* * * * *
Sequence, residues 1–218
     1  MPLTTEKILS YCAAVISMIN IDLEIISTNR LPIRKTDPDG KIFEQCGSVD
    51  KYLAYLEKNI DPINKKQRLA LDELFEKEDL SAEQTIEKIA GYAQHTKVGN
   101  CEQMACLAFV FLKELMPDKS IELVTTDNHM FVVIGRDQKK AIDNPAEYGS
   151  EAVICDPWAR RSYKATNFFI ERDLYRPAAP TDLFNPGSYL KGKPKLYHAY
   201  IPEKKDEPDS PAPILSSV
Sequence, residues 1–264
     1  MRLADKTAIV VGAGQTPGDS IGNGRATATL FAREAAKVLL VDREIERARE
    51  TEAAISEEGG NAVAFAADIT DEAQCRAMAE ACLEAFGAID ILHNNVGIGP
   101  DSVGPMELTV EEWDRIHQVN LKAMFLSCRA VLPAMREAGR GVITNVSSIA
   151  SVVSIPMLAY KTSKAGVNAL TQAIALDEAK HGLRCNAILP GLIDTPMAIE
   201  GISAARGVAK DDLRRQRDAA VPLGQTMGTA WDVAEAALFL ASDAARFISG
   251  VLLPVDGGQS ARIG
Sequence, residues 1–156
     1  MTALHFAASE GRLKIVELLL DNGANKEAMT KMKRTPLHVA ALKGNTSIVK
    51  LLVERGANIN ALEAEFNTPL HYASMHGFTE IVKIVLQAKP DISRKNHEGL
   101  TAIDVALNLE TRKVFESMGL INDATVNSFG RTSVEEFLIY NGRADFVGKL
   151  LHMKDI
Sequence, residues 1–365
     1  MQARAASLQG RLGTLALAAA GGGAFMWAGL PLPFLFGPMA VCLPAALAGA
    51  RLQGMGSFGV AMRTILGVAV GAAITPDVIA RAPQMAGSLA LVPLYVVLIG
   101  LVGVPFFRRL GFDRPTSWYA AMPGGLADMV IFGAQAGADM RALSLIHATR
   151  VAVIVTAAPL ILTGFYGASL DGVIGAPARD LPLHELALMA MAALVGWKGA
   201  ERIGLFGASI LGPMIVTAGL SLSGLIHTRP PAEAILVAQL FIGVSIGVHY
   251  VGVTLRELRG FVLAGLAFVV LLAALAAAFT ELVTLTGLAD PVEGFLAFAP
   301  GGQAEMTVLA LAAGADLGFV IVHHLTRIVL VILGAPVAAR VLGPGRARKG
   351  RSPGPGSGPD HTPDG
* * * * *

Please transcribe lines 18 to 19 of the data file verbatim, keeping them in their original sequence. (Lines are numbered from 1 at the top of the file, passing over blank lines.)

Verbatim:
   151  LHMKDI
Sequence, residues 1–365